Largely owing to its unique efficacy on moistening lung to stop coughing, Bai Bu, or stemona root, deserves a spot among so many Chinese herbs. That explains why it is widely used for different types of coughs, acute or persistent. Mastering this herb could be hard but may not as hard as you think. It’ll definitely go a long way with the clinical efficiency if you keep in mind the following proven clinical tips.
What is Bai Bu?
The pharmaceutical name known as Radix stemonae sessilifoliae, it refers to the dried tuberous root of Stemona sessilifolia (Miq.) Franch., Stemona japonica (Bl.) Miq., or Stemona tuberosa Lour, which is a plant in the genus Stemona (family Stemonaceae).
It is a perennial herb with spindle-shaped root tubers, which usually grows in mountainous region, woods, or bamboo forest. The tubers are yellowish-white or khaki-colored in appearance, with irregular deep vertical sulcus or horizontal wrinkles sometimes. It is crisp, horny, flat section, and light yellowish-brown or yellowish-white in color. It tastes sweet and bitter and has mild odor.
The root tubers of Stemona japonica are narrow at both ends, light grey in color, with irregular deep vertical sulcus or horizontal wrinkles, and bitter taste.
The root tubers of Stemona tuberosa Lour look like long spindle or elongated shapes, light yellowish-brown or grayish brown in skin, light vertical wrinkles or irregular vertical sulcus, sturdy, yellowish-white to dark brown section, and bitter taste.
And the better ones are those with stronger tuber and solid quality.
What is it used for?
It is sweet, bitter, and slight warm in nature and connects to lung meridian.
Main indications include moistening and descending the lung Qi to stop cough, and killing parasites. In terms of coughing, it is dedicated to all no matter it is acute and chronic, tuberculosis, or whooping cough. In particular, honeyed one is good at curing cough caused by lung deficiency. As for killing parasite, it is suitable for head lice, body louse, pinworms, and vaginal itching.
Regular dosage is from 3 to 9 grams.
Related Chinese herbal formulas
Cough is the most common sign of respiratory problems, like infection of upper respiratory track, acute and chronic bronchitis, bronchiectasis and all kinds of pneumonia etc. Traditional Chinese Medicine (TCM) believes that cough thus occurs due to Lung Qi obstruction by attacks of exogenous pathogens, or Lung Qi losing control of its descending nature because of Zang-Fu dysfunction.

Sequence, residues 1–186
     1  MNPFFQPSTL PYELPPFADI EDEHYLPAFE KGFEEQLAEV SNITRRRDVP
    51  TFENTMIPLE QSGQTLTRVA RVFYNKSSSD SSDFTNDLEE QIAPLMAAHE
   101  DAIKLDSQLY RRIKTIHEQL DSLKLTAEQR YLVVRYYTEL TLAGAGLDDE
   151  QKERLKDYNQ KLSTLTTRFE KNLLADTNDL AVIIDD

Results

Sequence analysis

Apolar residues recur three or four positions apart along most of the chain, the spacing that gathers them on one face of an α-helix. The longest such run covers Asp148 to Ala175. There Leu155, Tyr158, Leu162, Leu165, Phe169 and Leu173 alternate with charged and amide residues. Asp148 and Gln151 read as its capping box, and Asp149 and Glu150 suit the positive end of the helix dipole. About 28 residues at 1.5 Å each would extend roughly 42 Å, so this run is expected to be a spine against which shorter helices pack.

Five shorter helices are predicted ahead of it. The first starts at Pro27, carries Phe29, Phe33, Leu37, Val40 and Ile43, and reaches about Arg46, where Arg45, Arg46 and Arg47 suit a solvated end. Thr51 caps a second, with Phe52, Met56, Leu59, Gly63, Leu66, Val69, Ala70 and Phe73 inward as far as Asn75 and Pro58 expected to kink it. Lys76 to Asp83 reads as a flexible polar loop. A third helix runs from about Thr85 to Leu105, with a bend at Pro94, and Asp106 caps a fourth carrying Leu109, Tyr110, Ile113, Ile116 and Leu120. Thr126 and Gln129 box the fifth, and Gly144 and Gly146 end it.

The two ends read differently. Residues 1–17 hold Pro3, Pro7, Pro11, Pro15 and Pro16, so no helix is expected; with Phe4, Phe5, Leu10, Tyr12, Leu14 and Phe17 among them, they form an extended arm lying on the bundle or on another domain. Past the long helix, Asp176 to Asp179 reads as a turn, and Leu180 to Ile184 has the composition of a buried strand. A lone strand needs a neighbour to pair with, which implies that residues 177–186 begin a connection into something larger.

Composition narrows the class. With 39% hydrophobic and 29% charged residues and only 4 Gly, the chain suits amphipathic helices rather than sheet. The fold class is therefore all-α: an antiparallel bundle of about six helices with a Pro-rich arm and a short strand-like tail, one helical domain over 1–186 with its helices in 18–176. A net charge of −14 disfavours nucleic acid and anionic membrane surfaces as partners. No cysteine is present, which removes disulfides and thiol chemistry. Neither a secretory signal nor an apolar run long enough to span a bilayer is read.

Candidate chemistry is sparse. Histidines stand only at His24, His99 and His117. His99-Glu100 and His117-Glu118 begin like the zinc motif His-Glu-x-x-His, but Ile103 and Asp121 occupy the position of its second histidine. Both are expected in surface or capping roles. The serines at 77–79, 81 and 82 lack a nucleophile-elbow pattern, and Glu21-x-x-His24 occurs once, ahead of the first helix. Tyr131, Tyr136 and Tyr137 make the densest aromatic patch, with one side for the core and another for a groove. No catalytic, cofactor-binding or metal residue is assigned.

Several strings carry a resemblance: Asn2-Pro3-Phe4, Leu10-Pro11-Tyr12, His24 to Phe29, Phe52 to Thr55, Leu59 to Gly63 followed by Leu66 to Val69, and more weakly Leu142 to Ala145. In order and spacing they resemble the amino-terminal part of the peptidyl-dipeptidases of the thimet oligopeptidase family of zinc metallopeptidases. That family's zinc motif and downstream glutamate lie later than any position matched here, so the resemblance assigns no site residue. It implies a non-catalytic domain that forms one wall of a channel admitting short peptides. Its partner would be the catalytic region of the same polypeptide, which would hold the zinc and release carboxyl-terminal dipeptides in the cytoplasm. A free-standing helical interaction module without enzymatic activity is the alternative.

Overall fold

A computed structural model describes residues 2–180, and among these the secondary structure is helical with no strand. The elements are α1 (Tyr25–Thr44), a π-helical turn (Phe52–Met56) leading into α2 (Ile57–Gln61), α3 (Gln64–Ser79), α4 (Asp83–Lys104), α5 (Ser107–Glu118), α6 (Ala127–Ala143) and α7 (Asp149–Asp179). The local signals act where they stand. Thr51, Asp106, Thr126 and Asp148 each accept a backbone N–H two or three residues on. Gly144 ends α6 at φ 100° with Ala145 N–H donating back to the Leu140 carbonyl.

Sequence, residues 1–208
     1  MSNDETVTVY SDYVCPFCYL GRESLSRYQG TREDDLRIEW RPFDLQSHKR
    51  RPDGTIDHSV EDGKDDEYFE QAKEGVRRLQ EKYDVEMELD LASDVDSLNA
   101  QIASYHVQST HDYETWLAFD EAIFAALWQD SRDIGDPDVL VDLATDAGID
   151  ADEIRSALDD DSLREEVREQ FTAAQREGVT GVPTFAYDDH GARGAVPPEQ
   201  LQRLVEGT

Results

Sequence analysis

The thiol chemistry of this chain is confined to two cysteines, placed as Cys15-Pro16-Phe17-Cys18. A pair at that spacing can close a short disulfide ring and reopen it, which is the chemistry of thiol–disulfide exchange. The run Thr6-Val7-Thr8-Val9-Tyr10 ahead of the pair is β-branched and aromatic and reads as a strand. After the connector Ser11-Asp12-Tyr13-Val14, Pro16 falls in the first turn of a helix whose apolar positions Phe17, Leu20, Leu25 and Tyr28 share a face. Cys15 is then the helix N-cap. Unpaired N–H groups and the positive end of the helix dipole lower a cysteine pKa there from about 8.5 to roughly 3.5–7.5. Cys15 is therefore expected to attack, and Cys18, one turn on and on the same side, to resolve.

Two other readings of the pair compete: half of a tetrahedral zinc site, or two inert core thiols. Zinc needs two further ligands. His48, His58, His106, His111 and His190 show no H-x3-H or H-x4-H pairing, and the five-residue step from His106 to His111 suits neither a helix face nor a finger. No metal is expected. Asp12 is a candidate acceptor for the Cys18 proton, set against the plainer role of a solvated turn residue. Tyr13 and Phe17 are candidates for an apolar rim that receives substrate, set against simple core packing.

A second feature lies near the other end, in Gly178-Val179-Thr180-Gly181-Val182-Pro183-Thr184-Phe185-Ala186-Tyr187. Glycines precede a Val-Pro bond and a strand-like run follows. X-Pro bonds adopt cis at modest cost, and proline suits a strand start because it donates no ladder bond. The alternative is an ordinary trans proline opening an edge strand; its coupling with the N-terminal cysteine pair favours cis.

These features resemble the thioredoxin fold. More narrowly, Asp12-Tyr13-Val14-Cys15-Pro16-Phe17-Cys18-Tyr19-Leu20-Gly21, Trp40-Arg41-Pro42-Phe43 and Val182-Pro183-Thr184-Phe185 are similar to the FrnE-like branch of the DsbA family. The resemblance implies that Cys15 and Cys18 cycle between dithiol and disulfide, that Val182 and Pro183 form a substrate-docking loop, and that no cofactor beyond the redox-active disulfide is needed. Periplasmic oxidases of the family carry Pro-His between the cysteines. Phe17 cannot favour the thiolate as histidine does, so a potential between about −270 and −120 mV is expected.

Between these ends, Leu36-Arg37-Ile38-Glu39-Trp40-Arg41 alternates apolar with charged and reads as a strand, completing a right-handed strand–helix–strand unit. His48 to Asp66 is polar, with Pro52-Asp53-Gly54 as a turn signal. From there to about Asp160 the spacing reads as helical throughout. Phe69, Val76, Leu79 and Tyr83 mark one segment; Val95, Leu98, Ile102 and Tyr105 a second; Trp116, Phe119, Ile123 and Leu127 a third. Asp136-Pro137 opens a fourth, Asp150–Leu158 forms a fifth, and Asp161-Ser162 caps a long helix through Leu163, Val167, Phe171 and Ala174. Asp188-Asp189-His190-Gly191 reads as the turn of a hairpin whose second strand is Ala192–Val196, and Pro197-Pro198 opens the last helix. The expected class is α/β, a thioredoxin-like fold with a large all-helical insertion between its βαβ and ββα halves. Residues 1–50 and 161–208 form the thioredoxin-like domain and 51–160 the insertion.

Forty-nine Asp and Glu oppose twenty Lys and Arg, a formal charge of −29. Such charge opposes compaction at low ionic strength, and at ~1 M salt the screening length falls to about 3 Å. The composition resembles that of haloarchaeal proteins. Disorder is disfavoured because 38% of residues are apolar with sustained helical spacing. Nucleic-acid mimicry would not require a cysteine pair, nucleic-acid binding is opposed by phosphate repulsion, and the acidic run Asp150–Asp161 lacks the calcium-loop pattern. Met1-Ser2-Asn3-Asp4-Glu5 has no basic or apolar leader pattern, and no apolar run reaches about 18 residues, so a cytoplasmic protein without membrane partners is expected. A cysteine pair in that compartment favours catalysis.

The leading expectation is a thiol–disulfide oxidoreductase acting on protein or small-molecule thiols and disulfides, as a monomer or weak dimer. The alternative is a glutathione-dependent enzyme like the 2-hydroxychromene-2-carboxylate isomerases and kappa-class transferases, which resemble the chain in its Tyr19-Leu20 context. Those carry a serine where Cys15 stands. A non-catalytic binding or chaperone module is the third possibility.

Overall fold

Bai Bu Wan, from Xiao Er Yao Zheng Zhi Jue (Key to the Therapeutics of Children’s Diseases), is formatted for lung-cold type cough with little phlegm. Other herbal ingredients includes Ma Huang (Ephedra sinica) and Xing Ren (Apricot Seed).
Zhi Ke San, from Yi Xue Xin Wu (Medical Revelations), is especially for lung-involved cough by cold-pathogens infringe on only skin deep. Other herbs are Jie Geng (Balloon Flower Rhizome), Zhi Gan Cao (Honey Fried Licorice), Bai Qian (Cynanchum Rhizome), Ju Hong (Bitter Orange Peel), and Zi Wan (Purple Aster Root).
Bai Bu Gao, from Wai Ke Shi Fa (Ten Ways For Surgical Department), is for psoriasis treatment. Other herbs in this herbal formula are Bai Xian Pi (Dictamnus Root Bark), Bi Ma Zi (Castor Seed), He Shi (Daucus Fruit), Huang Bai (Amur Cork Tree Bark), Dang Gui (Dong Quai), Sheng Di Huang (Rehmannia), Huang La (Beeswax), Xiong Huang (Realgar), and Ma You (Sesame Oil).
The list can be longer but here are just a few examples for reference only.
Tips on applying this herb
Pairing with Zi Wan (Purple Aster Root) will bring out the best in each other. It is because both of them are important herbs working on lung meridian. One is sweet, moist and neutral and the other is acrid, warm but not arid. They complement each other to reinforce the capability of stopping cough.
Pairing with Wu Wei Zi (Schisandra Fruit/Seed) is good for chronic cough for lung and lung-kidney deficiency. It is because Wu Wei Zi is acid, sweet and warm in nature and influences meridians of lung, heart and kidney. The combination of them enhances the restraining force to hold back the reverse ascending lung Qi.
Pairing with Cynanchum Rhizome enhances the ability to remove phlegm, which is usually considered the culprit of coughing. Both of them go to lung meridian and cough will just disappear once phlegm removed.
Pairing with Huang Qin (Baical Skullcap Root) is aiming to couple its clearing-heat function. Huang Qin is bitter and cold and enters channels of heart, stomach, lung, gallbladder, and large intestine. So, the combination of them is suitable for cough due to excessive lung heat, yellow sticky sputum, thirst, and sort throat.
Possible side effects and contraindications
It might cause respiratory paralysis and reduce the excitability of respiratory center. Over dose might lead to symptoms and sign such as suppression and burning in the chest, dryness in mouth, nose and throat, dizziness, and gasp. Poisoning symptoms include nausea, vomit, headache, paleness, difficult breathing, even death caused by respiratory paralysis in some severe cases. Rescue methods are to give oxygen or mouth-to-mouth resuscitation. Other remedies also include injecting respiratory stimulant like lobeline and nikethamide.
In TCM practice, Bai Bu is forbidden for those have no appetite due to deficient spleen and patients who have consistent loose stools because it might hurt stomach and worsen the condition. But normally it is such a mild herb that it won’t cause severe adverse reactions if used by the guidelines mentioned above.